Whether or not the various allegations against Moore are true, they were collected just like news organizations collect any other information, best we can tell. And so the idea that somehow al.com acted maliciously in reporting them is as far-fetched as some of Moore’s counterarguments against his accusers. And Garmon presumably knows that. So yes, this is an intimidation letter. But its recipients are not the local landlord or a harassing creditor or an obnoxious neighbor, but the attorneys for a major media company who surely got a big belly laugh out of Garmon’s letter. That the aggrieved client in this case is the chief judicial officer in Alabama gives the comedy a tinge of tragedy.
It gets worse, though: Garmon has gone on two major media networks and shown that his communications problems are not limited to letter-writing. The Hill has one story:
“Yeah, man it’s great to be on here Don, appreciate it,” lawyer Trenton Garmon said at the beginning of his appearance on “CNN Tonight.” “I hope that I’d be able to give you the name ‘Don Easy Peasy Lemon Squeezy,’ right? You’ll take it easy on me.”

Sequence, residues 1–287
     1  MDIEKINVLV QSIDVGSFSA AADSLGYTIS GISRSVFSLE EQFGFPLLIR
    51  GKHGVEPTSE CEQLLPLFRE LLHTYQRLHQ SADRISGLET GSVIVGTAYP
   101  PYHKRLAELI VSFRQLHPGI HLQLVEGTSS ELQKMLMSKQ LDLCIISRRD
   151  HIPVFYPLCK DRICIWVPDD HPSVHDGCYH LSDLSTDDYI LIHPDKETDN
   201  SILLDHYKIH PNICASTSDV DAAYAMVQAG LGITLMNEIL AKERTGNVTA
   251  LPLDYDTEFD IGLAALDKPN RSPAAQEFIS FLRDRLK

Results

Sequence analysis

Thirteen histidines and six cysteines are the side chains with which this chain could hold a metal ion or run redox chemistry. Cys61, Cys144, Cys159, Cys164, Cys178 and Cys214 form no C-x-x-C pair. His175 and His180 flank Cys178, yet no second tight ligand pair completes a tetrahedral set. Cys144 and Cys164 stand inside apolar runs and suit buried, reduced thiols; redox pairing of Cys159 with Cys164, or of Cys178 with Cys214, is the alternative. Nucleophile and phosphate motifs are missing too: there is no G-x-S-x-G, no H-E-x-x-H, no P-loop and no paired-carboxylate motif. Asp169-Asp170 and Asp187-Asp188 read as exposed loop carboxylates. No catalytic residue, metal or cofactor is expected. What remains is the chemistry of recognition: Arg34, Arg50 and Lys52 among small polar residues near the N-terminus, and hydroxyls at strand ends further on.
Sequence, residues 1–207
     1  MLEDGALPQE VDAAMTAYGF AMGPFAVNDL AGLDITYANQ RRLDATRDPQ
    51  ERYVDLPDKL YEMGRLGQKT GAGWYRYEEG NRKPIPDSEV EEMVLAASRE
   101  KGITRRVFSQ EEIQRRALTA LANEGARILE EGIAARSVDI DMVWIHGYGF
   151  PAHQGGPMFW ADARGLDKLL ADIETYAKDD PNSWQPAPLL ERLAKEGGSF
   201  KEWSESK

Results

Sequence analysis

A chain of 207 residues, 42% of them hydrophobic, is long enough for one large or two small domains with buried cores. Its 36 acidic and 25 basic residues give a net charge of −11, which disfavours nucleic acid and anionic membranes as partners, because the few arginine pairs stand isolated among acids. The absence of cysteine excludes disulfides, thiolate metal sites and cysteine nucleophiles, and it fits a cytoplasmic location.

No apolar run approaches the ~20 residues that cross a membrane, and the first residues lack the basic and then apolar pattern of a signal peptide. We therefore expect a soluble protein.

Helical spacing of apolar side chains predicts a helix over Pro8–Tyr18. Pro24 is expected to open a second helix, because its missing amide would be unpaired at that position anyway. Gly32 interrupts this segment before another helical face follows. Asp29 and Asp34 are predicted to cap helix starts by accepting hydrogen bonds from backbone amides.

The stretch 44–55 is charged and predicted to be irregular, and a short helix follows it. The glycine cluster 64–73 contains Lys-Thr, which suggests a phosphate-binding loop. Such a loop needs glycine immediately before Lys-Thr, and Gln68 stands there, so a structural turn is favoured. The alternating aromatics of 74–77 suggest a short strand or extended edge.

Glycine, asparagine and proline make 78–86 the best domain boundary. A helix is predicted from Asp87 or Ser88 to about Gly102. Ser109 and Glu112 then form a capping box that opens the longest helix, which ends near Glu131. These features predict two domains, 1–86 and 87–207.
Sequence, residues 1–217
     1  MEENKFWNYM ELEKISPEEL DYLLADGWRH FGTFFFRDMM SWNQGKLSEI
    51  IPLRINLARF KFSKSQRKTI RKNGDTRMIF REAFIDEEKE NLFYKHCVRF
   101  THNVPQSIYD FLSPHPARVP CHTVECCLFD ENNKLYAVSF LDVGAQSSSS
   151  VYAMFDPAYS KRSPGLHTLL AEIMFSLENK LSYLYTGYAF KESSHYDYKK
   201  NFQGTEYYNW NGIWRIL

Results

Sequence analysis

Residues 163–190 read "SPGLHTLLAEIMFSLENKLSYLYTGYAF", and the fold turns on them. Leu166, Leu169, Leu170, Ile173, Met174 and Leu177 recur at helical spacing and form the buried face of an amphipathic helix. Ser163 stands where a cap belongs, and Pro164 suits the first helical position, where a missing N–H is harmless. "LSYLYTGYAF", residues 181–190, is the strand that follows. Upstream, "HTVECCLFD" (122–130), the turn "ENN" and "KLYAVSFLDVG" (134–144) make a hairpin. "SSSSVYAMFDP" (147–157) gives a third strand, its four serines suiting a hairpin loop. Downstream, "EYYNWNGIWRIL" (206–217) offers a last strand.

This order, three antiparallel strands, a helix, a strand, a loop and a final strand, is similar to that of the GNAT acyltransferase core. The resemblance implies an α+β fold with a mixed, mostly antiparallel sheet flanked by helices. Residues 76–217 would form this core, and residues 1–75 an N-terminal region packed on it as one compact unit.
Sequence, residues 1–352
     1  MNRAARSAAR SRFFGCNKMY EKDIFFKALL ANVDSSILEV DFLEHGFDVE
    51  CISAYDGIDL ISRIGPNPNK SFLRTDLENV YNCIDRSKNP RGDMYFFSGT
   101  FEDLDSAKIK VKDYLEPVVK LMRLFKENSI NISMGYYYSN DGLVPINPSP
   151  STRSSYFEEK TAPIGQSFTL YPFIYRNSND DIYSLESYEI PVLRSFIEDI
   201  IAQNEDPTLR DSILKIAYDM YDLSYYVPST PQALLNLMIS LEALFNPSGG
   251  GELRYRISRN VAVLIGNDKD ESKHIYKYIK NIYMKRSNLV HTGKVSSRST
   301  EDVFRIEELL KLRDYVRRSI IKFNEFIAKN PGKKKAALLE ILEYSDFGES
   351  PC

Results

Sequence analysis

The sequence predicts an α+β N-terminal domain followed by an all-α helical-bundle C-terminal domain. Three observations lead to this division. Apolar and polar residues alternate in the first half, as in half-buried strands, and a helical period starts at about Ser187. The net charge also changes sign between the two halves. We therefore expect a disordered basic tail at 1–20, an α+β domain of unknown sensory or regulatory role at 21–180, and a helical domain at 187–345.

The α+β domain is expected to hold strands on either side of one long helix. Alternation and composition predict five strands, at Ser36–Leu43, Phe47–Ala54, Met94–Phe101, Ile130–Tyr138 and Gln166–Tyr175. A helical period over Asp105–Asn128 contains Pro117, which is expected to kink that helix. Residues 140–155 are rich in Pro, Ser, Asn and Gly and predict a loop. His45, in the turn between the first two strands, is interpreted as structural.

Lemon did not address the nickname at its first mention, but continued to push Garmon about the recent accusations leveled against Moore. Garmon then repeated the nickname. “But hey, Don Lemon squeezy, keep it easy. Here’s the thing, man —” Garmon said.
But Lemon cut him off, saying his name is just Don Lemon.
Think Progress has another howler from an MSNBC appearance by Garmon:
In a rambling interview on Wednesday morning, Roy Moore’s attorney, Trenton Garmon, tried to explain and defend the way Moore is responding to various accusations of sexually abusing young girls. When hosts Ali Velshi and Stephanie Ruhle asked why Moore would need to ask a girl’s parents for permission to date her, Garmon suggested that Velshi comes from a “diverse background” and could not understand Alabama culture.
“Culturally speaking, obviously there’s differences,” Garmon began. “I looked up Ali’s background there, and wow, that’s awesome you’ve got such a diverse background. It’s really cool to read through that.”
It’s reasonably clear Garmon wasn’t using “diverse” as a compliment.
Before he could continue, Ruhle pounced, demanding to know what Velshi’s background has to do with dating 14-year-old girls.
“In other countries, there’s arrangement through parents for what we would refer to as consensual marriage —”
“Ali’s from Canada,” Ruhle countered.
There’s an old saying that anyone who chooses to represent himself or herself in court “has a fool for a lawyer.” But it might have been a better tack for Moore. And the thing is, he should have known better. Garmon’s law license was suspended in 2014 for 91 days for what sounds like a rather egregious case of ambulance-chasing. While the action was recommended by a disciplinary panel of the state bar association, it was actually ordered by the Alabama Supreme Court, whose chief justice is one Roy S. Moore.